The investigation of paternal stress, anxiety and depression during the perinatal period and the coexistence of paternal stress, anxiety and depression in the early postnatal period
Philpott, Lloyd F.
University College Cork
Background: While there is growing interest in paternal postnatal mental health among clinicians and researchers, the major of research has focused primarily on depression. More recently, stress and anxiety have also begun to emerge as paternal postnatal mental health concerns. However, to date, studies have either explored stress, anxiety, and depression individually or reported the findings separately when all three have been measured. To the best of the authors’ knowledge, this is the first study to research the coexistence of paternal stress, anxiety, and depression symptoms in the early postnatal period. Study aim: The aim of this study was to investigate the coexistence of and predictive factors for paternal stress, anxiety, and depression symptoms in the early postnatal period. Methods: A quantitative, cross-sectional, correlational design was used. Data were collected over a period of 3 months from June to August 2019 at one large regional maternity hospital in Ireland using a self-administered questionnaire comprising of demographic questions, the Perceived Stress Scale, the State-Trait Anxiety Inventory, and the Edinburgh Postnatal Depression Scale. Non-probability, convenience sampling was employed. Descriptive and inferential analyses of the data was conducted to address the aim, and objectives of the study. Findings: A total of 336 questionnaires with complete data for the variables of interest were included in the statistical analysis. The majority of fathers in the study were Irish (n=282, 83.9%), educated to third level (n=241, 71.7%), married (n=238, 70.8%) and in full-time employment (n=278, 82.7%). Just over half (n=170, 50.6%) were first-time fathers. The prevalence rates were 41.1% (n=138) for moderate/high stress symptoms, 20.8% (n=70) for state-anxiety symptoms, 25.9% (n=87) for trait-anxiety symptoms, and 13.4% (n=45) for major depression symptoms. Forty-three fathers (12.8%) met the criteria for the coexistence of stress, anxiety, and depression symptoms as they exceeded the cut- off score on all three measurement tools. Predictive factors for the coexistence of stress, anxiety, and depression symptoms were a self-reported history of anxiety (p<0.001), a negative experience of labour and birth (p<0.001) and being of a younger age (p=0.034). Conclusion: The findings suggest that focusing on depression does not accurately represent the substantive risk to paternal mental health in the early postnatal period. Researchers and clinicians need to encompass a broader understanding of adverse paternal mental health to include stress, and anxiety and the coexistence of symptoms.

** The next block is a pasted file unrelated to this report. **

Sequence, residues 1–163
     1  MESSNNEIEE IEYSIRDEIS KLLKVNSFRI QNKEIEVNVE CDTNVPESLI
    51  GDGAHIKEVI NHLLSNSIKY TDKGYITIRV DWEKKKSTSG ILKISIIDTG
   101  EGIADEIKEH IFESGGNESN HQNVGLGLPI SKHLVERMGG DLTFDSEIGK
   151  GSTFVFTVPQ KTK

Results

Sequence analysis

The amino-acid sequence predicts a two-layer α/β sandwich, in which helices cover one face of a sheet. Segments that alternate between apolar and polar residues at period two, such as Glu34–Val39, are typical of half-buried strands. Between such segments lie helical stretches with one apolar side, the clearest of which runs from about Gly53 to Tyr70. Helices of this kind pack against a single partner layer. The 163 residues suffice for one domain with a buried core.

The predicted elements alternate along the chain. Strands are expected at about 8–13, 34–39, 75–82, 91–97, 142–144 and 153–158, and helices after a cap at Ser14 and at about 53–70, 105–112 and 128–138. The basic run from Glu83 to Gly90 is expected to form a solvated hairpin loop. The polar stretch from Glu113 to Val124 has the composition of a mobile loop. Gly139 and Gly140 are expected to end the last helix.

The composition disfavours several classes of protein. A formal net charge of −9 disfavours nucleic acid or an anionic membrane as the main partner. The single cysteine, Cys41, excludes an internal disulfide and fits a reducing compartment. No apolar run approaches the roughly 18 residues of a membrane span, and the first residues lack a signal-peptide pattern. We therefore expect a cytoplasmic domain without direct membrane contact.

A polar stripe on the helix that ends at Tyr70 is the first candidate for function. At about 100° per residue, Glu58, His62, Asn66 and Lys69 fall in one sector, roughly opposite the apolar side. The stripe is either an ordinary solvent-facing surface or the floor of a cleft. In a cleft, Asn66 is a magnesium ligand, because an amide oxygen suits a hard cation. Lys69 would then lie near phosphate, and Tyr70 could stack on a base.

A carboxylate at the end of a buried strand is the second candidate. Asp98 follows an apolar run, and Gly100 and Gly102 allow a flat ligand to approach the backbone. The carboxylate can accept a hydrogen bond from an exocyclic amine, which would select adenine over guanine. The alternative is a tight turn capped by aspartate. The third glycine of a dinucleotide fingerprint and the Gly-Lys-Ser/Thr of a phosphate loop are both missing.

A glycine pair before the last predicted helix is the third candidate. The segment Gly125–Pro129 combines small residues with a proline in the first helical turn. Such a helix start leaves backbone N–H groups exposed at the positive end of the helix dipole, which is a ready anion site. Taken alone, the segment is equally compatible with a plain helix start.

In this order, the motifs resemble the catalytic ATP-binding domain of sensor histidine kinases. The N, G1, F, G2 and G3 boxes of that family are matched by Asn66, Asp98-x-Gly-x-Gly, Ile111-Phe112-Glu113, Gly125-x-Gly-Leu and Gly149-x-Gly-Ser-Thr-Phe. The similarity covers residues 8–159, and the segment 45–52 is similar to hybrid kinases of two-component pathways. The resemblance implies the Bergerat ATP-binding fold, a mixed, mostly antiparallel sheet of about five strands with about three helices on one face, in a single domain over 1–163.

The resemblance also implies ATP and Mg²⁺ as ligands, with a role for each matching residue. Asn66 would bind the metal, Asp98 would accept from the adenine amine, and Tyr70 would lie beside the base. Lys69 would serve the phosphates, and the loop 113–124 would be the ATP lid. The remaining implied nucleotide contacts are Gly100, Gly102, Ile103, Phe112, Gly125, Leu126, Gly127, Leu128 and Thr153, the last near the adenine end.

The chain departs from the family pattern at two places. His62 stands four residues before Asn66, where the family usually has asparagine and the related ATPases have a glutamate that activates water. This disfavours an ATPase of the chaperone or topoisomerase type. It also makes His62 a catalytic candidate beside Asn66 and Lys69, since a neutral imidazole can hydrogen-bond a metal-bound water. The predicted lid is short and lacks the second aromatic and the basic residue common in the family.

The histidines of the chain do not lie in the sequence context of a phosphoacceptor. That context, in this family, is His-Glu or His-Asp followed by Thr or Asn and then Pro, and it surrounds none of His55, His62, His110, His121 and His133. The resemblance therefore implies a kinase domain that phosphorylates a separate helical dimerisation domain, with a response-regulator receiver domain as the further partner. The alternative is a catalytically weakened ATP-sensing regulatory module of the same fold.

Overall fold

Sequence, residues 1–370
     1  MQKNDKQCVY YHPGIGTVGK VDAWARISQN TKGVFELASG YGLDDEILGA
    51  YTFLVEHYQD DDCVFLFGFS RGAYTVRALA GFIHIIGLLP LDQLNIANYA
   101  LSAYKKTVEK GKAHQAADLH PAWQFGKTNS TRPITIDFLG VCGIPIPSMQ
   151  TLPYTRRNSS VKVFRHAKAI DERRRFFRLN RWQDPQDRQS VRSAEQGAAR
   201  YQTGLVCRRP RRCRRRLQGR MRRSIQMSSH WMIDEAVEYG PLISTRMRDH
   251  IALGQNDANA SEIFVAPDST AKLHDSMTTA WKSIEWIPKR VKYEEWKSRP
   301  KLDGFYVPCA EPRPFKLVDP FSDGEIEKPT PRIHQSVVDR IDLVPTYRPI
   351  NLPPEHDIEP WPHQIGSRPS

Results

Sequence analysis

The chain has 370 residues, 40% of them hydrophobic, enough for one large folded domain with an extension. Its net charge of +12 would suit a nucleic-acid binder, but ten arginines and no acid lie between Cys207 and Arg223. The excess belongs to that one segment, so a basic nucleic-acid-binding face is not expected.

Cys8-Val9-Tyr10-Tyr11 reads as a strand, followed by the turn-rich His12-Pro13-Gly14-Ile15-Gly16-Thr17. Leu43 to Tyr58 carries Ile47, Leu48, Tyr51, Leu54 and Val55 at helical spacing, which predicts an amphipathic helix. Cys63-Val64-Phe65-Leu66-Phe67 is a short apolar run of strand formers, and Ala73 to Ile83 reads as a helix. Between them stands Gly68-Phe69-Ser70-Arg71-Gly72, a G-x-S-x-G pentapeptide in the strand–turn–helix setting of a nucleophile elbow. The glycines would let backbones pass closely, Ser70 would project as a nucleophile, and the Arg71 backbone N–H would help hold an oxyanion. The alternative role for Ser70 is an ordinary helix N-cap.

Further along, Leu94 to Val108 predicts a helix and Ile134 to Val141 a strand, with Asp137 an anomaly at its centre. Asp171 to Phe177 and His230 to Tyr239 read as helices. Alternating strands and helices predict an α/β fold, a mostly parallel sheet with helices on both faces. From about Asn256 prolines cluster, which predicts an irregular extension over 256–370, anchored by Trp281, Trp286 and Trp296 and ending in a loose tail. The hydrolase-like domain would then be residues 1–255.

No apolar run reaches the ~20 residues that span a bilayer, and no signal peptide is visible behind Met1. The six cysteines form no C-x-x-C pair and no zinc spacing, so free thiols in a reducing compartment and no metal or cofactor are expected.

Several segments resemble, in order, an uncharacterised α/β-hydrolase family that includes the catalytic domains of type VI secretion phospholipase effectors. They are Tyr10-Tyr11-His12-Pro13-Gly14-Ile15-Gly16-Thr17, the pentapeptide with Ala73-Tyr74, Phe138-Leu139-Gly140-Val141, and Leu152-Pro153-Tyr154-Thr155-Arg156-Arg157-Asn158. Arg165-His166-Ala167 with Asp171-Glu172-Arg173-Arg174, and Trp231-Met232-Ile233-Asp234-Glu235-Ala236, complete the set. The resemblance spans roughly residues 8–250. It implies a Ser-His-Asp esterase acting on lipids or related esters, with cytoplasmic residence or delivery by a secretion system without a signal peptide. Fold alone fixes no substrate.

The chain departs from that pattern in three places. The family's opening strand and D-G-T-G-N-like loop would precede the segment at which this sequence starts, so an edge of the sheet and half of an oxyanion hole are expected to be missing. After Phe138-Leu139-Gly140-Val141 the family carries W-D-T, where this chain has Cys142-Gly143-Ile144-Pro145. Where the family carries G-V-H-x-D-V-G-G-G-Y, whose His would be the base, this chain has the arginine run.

Stress , Anxiety , Depression , Father , Paternal , Postnatal period , Coexistence , Symptoms
Philpott, L. F. 2021. The investigation of paternal stress, anxiety and depression during the perinatal period and the coexistence of paternal stress, anxiety and depression in the early postnatal period. PhD Thesis, University College Cork.